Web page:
Gabar co-founders Phway Su Aye and Susan Wai Hnin are not outliers when it comes to creating a brand during a pandemic that fundamentally changed the way we work, live and operate. In fact, much like other brands who were born as the world fluctuated in and out of national lockdowns, travel restrictions and political upset, Su Aye and Wai Hnin used the time to incubate their idea – creating a brand that wrapped up their South East Asian heritage and homeland Mynamar with Buddhist concepts of mindfulness and living slowly.
Now, two years later, the founders sit down with Stylist to parse through their journey from friends on opposite sides of the world to being at the helm of a trading fragrance brand and what it means to reinvest in Myanmar.
Tell us a little about Gabar’s journey so far.
Phway Su Aye: “We’ve been working on Gabar for almost two years now – it was a pandemic-born business. We started in March 2020, just as the pandemic was hitting and it gave us the time to really build the foundations of the brand.
“I was in New York and Susan was in Myanmar but we’ve been friends for a long time. I was transitioning out of an old role, really wanting to build something from the ground up and Susan was in Myanmar doing a similar thing.
“Gabar really came from two key threads: wanting to bring our heritage and South East Asian history to the world stage, especially in a category that doesn’t have as many South-East Asian viewpoints, and building a brand that really touched on these ideas of the internal pursuit of mindful and conscious living and translated those ideas in a fresh and approachable way.
“Then, after a series of fortuitous events, fragrance kind of fell in our lap, in all these wonderful ways.”
And how does Myanmar influence the fragrances?
Susan Wai Hnin: “When I moved back to Myanmar in mid-2019, I noticed a new kind of energy in Yangon. There was a new scene of young people who were way more rebellious and outspoken, who were more connected with the rest of the world and in tune with themselves – and I noticed that they cared less about what other people thought of them.
“Then, in early 2021 the military coup happened and it changed a lot of things. It was an incredibly turbulent, stressful, chaotic time for all of us and it helped confirm what we were seeing in the youth championing change and using technology in new creative and effective ways.
“The three fragrances are inspired by three specific locations in Myanmar. The first fragrance, Float, was inspired by Inle Lake – which is the largest lake in the northern Shan State of Myanmar.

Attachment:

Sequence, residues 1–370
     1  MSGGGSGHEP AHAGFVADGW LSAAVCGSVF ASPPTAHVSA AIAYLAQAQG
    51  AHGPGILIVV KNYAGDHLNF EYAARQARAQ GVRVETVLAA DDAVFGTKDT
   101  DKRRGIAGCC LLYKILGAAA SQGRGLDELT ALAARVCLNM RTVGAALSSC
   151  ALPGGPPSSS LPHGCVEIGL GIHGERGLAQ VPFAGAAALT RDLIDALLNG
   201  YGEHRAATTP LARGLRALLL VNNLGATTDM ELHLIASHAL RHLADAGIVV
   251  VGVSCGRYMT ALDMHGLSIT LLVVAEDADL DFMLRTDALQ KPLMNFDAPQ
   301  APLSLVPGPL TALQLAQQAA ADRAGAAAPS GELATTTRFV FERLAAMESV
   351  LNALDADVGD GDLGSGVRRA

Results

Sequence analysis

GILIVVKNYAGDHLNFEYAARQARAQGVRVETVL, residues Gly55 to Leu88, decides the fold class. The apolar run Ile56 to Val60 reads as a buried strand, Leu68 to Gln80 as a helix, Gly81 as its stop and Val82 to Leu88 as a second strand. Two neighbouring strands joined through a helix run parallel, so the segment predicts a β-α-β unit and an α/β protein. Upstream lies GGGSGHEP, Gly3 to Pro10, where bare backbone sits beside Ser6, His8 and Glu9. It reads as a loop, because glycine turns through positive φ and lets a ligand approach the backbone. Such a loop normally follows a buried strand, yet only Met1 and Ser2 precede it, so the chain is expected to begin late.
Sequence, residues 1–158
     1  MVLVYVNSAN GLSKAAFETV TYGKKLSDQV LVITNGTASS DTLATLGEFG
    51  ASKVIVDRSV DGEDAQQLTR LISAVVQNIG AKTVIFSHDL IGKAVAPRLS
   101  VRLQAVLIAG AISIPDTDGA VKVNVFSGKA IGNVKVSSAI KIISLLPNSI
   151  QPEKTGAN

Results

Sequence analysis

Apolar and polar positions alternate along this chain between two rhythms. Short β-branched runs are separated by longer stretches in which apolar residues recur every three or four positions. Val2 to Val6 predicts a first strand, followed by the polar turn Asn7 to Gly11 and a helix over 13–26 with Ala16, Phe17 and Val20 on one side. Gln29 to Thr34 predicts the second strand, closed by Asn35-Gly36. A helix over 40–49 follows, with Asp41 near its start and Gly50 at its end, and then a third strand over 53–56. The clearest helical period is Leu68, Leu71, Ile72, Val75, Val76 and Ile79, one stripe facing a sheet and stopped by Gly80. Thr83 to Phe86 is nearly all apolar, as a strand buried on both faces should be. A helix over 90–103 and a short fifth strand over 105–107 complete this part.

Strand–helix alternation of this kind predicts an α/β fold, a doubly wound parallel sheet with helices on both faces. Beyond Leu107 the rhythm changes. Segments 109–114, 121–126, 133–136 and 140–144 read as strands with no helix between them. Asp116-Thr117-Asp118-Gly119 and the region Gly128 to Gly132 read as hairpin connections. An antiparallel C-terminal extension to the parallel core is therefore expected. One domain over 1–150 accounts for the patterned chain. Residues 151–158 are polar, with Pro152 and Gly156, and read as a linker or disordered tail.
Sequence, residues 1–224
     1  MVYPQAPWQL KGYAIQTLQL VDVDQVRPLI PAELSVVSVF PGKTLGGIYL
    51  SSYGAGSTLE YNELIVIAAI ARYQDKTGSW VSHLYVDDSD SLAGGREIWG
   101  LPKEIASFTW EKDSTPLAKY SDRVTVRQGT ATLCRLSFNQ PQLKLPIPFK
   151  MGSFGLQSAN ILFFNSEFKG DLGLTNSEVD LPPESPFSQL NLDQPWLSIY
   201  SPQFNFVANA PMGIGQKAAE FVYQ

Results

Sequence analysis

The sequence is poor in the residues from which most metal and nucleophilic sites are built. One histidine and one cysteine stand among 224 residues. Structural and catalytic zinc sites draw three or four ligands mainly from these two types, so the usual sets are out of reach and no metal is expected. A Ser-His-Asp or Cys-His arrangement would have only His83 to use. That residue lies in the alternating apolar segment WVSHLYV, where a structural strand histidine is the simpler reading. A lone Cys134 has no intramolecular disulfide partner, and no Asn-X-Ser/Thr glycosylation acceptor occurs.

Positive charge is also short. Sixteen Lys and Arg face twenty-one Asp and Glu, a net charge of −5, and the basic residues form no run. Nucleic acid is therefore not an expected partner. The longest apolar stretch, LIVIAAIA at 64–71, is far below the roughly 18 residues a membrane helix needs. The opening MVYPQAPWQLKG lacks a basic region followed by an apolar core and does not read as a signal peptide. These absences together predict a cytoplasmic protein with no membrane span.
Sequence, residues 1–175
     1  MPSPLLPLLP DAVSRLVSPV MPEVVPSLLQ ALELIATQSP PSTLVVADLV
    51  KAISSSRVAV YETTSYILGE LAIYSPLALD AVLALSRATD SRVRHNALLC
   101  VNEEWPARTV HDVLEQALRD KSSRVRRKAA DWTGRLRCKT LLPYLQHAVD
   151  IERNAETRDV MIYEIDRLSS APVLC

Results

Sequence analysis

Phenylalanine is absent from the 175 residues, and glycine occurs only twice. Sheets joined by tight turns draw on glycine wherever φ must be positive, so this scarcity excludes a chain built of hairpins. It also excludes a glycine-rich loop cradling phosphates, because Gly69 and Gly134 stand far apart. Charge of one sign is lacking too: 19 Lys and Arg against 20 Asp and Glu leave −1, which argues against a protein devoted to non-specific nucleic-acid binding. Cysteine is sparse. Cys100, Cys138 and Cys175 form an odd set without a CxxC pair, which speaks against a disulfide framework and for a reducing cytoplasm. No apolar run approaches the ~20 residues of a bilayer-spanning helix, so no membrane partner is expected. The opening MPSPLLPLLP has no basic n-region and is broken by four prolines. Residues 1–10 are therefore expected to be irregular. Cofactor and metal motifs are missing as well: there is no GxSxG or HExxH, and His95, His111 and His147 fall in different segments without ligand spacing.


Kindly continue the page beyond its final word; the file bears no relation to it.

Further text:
“Ground was inspired by a place called Bagan, which is an arid, ancient capital city with lots of beautiful temples. Then, Swim was inspired by Hpa-An, which is a luscious rainforest region in the country. The three fragrances represent three present states of mind for us. A lot of our brand is centred around the idea of helping people be in the present moment – to calm down, to ground them, to help them be inspired and, of course, being slow.
“I noticed during the pandemic that I gravitated towards scents that were natural, calming, uplifting and made me feel good. I think that’s a really important thing for fragrance – whether it’s putting on perfume at the beginning of my day or lighting a candle before bed – these are feel-good moments and a little treat to ourselves.”
Reinvesting in Myanmar is integral to the brand – how does Gabar do this?
Phway Su Aye: “The bigger ethos of the brand is about nurturing the next generation of creatives and change-makers going out there to make an impact in the world. We were really fortunate to find a charity in the UK called Prospect Burma that does a lot of work providing scholarships and higher educational opportunities for young people in Myanmar – specifically from rural regions and places away from the urban centre.
“When we think about giving back to Myanmar and things that will actually impact the country over the long term, we have faith that as soon as things open up again and people come back, it’ll be a new generation taking over and hopefully voting something better. This is why education felt like a really important category to pick.”
Explore the Gabar fragrance collection
Main image: Gabar